by Jerry Blouin
I’m old enough to have been educated at institutions that stressed discipline over learning. Although I spent far too many hours in what my catholo-military captors called “Penance Hall” and “Penance Drill” (attendance depending upon the particular context of the violation), I remain unaware if any of the standards for transgressions were written, and convinced that many were dreamed up on the spot especially for me. Nevertheless, if no one was looking, I would now and then walk up the wrong side of the staircase, just for spite.
The measurement rules that we sail under aren’t like those school rules. The class rules are written. The intermediate aim is to get people to follow the rules. The ultimate goal is to make the rules a positive force for fleet and class building. There is no administration that “catches? people doing something wrong. We’re all in this together. In the same way that we do turns for hitting a mark that no one else sees happen, there’s no point to taking corrector weight out of a boat to gain a speed advantage. We all generally agree with these self-enforcement ideas.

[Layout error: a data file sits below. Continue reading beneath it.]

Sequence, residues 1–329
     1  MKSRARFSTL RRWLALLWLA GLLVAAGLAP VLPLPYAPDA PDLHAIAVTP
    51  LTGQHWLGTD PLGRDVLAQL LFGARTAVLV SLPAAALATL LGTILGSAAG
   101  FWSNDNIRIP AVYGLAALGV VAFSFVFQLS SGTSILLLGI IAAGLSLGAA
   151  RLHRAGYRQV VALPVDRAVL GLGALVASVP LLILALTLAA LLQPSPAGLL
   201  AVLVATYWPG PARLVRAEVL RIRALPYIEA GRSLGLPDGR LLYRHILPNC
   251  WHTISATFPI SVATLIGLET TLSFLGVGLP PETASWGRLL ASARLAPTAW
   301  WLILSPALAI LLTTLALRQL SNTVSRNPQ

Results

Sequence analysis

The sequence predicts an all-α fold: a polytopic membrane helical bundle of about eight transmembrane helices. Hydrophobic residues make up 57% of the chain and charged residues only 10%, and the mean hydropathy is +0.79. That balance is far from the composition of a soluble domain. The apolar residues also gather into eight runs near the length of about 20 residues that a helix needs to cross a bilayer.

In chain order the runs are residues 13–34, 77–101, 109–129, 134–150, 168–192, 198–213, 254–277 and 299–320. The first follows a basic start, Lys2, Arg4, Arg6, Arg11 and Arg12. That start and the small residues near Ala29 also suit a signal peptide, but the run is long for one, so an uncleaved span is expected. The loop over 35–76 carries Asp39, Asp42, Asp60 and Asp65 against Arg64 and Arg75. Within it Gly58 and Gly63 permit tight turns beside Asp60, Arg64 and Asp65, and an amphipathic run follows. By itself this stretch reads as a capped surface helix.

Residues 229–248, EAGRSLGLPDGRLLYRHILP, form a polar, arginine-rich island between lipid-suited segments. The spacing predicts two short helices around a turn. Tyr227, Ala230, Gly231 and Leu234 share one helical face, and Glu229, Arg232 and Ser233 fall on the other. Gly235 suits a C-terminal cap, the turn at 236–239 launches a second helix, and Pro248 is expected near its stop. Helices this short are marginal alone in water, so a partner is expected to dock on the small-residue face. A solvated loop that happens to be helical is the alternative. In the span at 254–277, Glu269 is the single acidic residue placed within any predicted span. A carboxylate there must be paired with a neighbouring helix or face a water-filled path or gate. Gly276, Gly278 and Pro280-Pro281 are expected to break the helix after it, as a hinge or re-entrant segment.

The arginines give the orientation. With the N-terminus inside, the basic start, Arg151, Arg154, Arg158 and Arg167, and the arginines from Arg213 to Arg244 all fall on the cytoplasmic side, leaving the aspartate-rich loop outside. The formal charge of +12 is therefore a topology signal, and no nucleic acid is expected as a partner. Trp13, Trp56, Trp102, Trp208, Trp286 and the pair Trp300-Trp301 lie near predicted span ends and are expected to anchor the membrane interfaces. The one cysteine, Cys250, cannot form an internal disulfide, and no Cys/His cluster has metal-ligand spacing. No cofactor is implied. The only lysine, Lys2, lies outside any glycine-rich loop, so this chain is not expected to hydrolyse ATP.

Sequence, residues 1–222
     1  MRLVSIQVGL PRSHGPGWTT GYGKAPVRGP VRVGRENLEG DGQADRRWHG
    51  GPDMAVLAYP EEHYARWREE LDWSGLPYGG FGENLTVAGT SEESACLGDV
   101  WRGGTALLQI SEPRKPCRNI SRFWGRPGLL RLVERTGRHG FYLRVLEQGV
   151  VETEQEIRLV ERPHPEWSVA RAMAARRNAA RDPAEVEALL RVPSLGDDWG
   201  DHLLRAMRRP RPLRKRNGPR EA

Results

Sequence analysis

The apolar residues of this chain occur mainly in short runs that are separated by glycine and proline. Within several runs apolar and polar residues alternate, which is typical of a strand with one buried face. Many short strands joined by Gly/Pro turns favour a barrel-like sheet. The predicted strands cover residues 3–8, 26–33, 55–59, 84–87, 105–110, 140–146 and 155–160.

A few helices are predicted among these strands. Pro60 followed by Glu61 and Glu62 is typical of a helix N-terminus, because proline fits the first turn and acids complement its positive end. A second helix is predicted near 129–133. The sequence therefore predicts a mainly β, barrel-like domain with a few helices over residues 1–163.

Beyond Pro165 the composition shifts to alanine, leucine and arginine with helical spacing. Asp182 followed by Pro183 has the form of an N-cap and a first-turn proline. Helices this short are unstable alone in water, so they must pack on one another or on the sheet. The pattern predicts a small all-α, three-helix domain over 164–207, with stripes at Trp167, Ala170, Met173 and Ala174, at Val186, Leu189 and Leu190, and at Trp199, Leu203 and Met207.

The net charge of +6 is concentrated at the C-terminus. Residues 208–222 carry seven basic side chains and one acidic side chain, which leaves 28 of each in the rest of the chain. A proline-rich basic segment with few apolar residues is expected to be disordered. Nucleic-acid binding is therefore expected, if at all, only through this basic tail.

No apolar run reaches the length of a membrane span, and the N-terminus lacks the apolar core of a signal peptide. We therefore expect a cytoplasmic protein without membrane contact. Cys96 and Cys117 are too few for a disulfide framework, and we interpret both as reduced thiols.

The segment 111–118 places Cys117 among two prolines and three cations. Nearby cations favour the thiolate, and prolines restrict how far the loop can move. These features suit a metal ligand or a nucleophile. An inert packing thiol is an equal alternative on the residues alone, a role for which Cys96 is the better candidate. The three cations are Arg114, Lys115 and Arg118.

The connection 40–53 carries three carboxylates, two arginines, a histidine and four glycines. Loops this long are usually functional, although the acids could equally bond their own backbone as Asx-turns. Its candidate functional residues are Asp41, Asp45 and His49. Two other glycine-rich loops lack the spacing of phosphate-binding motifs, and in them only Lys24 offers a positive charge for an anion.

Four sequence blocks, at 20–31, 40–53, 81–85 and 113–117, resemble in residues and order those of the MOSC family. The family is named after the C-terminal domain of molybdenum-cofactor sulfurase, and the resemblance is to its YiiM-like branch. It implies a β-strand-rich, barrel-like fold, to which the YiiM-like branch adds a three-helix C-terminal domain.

Where we fall short is in taking the time to read the rules. So read them. Be sure that your boat is in compliance all of the time, including fleet races. It’s good for us all. And now for some quickies: Remember, no electronic compasses. Black bands must be on your mast and boom in the correct locations. Repair any mast partner that has been damaged or altered. Don’t remove any corrector weight until you are absolutely certain that it can be done. If you took any out, put them back.